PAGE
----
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September 21, 1981

Eugene KOHR, et al.,

The opinion of the court was delivered by: WEINER


Presented to us in these and a number of other cases are claims of products liability personal injury arising out of the alleged exposure of the plaintiffs, or their spouses or decedents, while employed by the defendants, to asbestos or asbestos products produced and/or sold by the defendants.

The defendants assert as a defense to these actions the Pennsylvania Workmen's Compensation Act's exclusivity of remedy provision, which they contend provides an employee's sole legal means for recovery from his employer for work related injuries, and which they further contend thus precludes the plaintiffs from bringing these actions. Plaintiffs urge us to adopt the dual capacity theory, under which the defendants, in their capacity as manufacturers of products which allegedly caused injury to the plaintiffs, would be subject to products liability, despite the limitations of the Workmen's Compensation Act.

 Thus we are called upon to consider the issue of the defendants' dual capacity as both employers of those injured and manufacturers of the products allegedly causing injury, and the impact, if any, of that dual capacity on the Pennsylvania Workmen's Compensation Act and the doctrine of products liability. Intertwined with this problem is the question of how to balance two of the tensions inherent in our federal constitutional system of government: that resulting from our dual, independent federal and state court systems, and that resulting from the separation of governmental powers into three co-equal branches.

  As an exceptionally large number of diversity jurisdiction cases claiming asbestos related injury have been filed in this district, including many in which the dual capacity issue has been raised, and in order to have uniformity, if possible, among the judges of the court with regard to dual capacity, this panel was designated by the Chief Judge to hear argument on the issue. *fn1"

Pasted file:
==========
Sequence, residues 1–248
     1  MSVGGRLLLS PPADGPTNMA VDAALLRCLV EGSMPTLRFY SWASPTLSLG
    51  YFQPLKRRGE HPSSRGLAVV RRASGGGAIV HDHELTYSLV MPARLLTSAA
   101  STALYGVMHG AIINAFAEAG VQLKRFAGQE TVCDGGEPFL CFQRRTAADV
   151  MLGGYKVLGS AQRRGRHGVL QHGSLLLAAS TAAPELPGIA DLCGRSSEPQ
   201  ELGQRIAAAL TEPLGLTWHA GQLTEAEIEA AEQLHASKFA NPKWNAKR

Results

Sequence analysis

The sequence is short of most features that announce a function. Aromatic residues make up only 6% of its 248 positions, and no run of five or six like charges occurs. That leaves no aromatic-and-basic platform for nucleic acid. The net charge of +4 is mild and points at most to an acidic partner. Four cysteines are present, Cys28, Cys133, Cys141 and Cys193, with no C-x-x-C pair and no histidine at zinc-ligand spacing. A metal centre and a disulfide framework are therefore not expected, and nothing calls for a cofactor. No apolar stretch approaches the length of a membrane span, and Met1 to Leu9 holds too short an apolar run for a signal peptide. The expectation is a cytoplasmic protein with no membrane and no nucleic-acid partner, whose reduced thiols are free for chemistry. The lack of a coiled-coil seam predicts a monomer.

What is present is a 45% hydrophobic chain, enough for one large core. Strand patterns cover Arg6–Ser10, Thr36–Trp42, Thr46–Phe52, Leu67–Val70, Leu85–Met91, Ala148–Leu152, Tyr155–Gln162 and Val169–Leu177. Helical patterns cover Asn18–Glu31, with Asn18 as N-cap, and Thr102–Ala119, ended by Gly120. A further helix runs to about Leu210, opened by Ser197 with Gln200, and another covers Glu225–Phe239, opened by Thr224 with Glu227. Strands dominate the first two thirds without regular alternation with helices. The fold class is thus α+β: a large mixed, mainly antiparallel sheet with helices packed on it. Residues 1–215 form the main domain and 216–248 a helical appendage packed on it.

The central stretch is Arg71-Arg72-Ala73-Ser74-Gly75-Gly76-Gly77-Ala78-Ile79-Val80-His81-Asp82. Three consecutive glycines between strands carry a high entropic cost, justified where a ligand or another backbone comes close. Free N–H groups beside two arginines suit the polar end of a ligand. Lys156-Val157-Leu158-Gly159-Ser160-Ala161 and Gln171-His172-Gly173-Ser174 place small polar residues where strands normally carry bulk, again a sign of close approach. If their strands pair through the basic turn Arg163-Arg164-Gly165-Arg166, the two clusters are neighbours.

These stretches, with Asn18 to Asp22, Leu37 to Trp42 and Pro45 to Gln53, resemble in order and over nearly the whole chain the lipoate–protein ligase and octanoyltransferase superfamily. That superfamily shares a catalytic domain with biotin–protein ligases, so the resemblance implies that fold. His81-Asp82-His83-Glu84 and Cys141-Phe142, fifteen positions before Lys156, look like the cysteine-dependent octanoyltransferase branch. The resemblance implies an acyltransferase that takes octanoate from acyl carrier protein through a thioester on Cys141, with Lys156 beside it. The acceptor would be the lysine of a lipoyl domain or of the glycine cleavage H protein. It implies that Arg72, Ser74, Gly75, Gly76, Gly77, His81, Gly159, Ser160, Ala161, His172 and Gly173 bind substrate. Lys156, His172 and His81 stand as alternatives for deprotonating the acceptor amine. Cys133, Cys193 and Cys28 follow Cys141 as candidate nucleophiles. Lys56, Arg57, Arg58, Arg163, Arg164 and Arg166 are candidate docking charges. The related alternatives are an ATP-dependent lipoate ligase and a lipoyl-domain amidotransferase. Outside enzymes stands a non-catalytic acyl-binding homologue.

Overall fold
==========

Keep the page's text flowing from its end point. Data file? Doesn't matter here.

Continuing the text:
Due respect on the part of the federal government, including the judiciary, for the sovereignty of the individual states is the essence of federalism. Thus, as a federal court exercising diversity jurisdiction, we are compelled to follow state law. As is a state court, we are guided in our deliberations by legislative enactment and judicial precedents, but unlike a state court, we are not free to overrule existing state precedent or chart the future course of state law in such manner as we may see fit.

 Likewise, due to the pervasive scheme of checks and balances found in both the federal and state, including Pennsylvania, constitutions, and designed to prevent accumulation of excessive power in any one branch of government, courts must defer to the will of the legislature in interpreting the reach of statutory provisions and determining the scope of the common law as it may be legislatively modified.

 Consequently, though courts may at times desire to forge ahead with the law in an attempt to keep pace with an ever evolving modern society, we may be circumscribed in our ability to do so by the dictates of the Constitution and the mandate of prior judicial rulings. It is precisely such a dilemma with regard to the Pennsylvania Workmen's Compensation Act with which we are presented by these cases, for guided by these precepts, we must determine the extent of the exclusivity of remedy provision of that Act when asserted as a defense to an action for products liability.